- 16th April 2018
- Posted by: Manolis
Building a new product team and introducing innovation in a services enterprise company requires a major culture shift. People want and fear change, so you have to be strategic, dedicated, patient and persistent about it. For many years I’ve been building teams in different environments and I put together a few suggestions on things to look out for and the reasoning behind it.
1. Learn about the environment you build your team in before you start
Job hunting internally and externally should be treated the same way. Over the years I had become more selective, and started interviewing employees within the company I am interested working with. The goal is to be a good fit both ways and it helps increase the chances. The reality is that there is no perfect job, company or person. But knowing about the faults in advance, can help you decide what you can live with and what you can’t, and if you can help improve and change it.
2. Make the time to research before you start
Great product managers are results driven and base decisions on facts. You want to be able to quantify and set goals straight from the start, and then argue decisions based on facts rather than opinions. Watch out for what information you are given that is based on an assumption or opinion vs fact. If you don’t have all the information you need, set your initial goals on finding it or put together a roadmap of how you get there.
Things to look out for: sales, revenue, expenses, budget, analytics, customers, platforms, infrastructure, frameworks, documentation, user tests and feedback, customer tests, customer feedback, etc. Doing it early can help shape the product or your road map.
3. Build a network
Investing in people is always a good idea and can help when you need support. You want to have allies in the organisation that will support your opinions and your vision. That will also give you leverage when the odds are against you.
4. Pick the right team members to fit the culture
Every organisation has it’s own unique culture and teams subculture. Bringing more people on board changes the dynamics and should be done carefully. Take your time with choosing the right people, and if it’s not working out, try to end it quickly. “Hire slow and fire fast”.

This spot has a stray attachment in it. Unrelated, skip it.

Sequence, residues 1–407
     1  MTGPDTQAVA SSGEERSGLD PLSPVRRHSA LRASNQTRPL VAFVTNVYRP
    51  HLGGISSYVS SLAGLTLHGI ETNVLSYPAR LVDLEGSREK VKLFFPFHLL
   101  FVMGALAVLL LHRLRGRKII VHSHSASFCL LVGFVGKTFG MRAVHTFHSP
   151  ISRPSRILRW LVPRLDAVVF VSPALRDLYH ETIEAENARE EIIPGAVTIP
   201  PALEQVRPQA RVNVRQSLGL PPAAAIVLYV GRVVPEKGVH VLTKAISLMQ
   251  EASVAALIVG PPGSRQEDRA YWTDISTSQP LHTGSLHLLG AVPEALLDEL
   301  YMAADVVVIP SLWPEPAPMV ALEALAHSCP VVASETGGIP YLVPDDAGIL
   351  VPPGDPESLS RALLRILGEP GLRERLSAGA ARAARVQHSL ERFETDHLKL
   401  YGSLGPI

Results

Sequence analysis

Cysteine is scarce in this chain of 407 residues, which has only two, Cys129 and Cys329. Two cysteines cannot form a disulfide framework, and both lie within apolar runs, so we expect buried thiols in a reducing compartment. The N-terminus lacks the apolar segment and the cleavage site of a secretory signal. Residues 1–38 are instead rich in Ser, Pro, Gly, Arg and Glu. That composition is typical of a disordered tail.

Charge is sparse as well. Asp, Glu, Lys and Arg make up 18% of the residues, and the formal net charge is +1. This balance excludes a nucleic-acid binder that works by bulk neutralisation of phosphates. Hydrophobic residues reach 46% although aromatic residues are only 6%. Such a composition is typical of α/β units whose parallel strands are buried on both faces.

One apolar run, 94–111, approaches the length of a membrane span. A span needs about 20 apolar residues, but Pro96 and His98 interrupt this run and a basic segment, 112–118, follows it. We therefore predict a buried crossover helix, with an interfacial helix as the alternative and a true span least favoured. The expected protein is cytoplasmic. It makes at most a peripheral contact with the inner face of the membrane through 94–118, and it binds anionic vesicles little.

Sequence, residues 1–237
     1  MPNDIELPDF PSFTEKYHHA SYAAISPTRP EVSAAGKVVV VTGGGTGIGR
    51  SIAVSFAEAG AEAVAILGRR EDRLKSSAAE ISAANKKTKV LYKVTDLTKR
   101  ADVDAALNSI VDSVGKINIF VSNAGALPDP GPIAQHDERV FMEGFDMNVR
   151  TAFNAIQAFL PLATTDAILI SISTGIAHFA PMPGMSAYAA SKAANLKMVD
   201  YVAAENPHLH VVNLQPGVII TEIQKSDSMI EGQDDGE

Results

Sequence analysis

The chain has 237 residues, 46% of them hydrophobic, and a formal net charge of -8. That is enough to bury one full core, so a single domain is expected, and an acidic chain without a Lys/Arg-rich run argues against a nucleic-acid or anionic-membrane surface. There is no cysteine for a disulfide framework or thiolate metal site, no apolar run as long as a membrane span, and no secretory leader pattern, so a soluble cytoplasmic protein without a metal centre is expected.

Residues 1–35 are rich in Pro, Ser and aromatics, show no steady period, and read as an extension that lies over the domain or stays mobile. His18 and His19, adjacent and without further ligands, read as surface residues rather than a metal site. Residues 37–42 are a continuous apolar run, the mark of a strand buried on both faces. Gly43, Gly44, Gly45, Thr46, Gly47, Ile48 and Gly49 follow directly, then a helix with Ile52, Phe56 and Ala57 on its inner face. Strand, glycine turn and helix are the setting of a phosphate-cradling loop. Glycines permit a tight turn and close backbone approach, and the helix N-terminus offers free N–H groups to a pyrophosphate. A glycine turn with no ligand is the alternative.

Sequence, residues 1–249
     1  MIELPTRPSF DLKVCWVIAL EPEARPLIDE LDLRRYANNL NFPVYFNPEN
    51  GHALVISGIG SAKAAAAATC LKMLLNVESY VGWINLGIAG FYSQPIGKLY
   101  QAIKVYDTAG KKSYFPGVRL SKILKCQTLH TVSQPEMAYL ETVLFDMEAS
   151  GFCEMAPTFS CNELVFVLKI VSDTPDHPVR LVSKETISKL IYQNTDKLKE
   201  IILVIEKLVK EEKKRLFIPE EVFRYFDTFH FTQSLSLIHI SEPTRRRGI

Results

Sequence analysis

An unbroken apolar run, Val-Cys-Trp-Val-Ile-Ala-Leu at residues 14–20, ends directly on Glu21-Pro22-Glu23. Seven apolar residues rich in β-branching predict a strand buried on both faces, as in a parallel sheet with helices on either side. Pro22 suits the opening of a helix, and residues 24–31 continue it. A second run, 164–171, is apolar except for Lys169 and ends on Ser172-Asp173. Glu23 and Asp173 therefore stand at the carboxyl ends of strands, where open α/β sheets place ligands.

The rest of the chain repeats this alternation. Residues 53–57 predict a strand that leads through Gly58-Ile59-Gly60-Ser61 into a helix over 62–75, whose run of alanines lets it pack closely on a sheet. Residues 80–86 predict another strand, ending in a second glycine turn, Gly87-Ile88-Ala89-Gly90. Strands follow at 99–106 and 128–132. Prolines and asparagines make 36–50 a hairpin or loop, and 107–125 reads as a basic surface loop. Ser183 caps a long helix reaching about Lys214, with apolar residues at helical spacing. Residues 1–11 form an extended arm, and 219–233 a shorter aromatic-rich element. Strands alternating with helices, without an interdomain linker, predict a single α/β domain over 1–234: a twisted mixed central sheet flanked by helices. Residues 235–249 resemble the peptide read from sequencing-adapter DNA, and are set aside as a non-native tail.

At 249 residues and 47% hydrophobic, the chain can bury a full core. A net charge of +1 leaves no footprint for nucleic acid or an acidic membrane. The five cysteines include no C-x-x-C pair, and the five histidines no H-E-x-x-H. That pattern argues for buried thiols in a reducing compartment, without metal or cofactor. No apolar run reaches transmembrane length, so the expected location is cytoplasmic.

When recruiting, it’s a good idea to figure out what are the must have skills and qualities, and what you can compromise on. I’m a big believer in bringing smart people together and collaboratively solving problems. You want the person to fit both the team culture and also the extended organisation culture.
I suggest to go through a few stages of interviews with multiple team members and a technical test or task to confirm interest and double check it’s a good fit.
In an interview, I often like asking “explain a complicated concept to me that you know well like I’m a five year old”. It tests the interviewee’s communication and problem solving skills. I occasionally give 2 minutes to prepare if needed depending on the seniority.
5. Identify the ideal team skillset and fill in the gaps early
My diverse skillset often allows me to fill in gaps like development or design within my team. Previously working in startups it made a lot of sense for me to jump in and help, since it reduces headcount and cost. But in an enterprise it may not be necessary if the budget is larger and flexible. Knowing what skills are necessary for the team early can help with free the product manager to focus on their own responsibilities and get to coaching straight from the start.
6. Write a simple getting started guide
Putting together a basic getting started guide is really beneficial for new team members. They get up to speed quickly and avoid all the basic questions. They generally feel more welcomed and that there is a structure and process in place which makes them feel safer. The guide may include information about the team, product documentation, tools, training, how to’s etc.
Use a collaborative publishing tool like wiki or google docs and get the team to slowly add and improve it.
7. Get your agile process right
Every company has their own weird flavour of agile. It makes sense to tweak it according to what makes sense for your company or team. But you have to make sure that the value of the agile process is still there when you do change it. I generally like sprint plan on Monday, standups daily, and retrospect on Friday. You want to make sure that team members are comfortable managing their tasks and can build momentum.
I also like to include 1 on 1 meetings monthly to provide feedback both ways.
8. Be clear about responsibilities – leaders set the vision and the team executes
Understanding the responsibility of the leader and the team is really important in getting the team dynamics right. I believe the responsibility of a leader is to set the vision and for the team to execute. That helps build trust and allows the individuals within the team to optimise for best performance.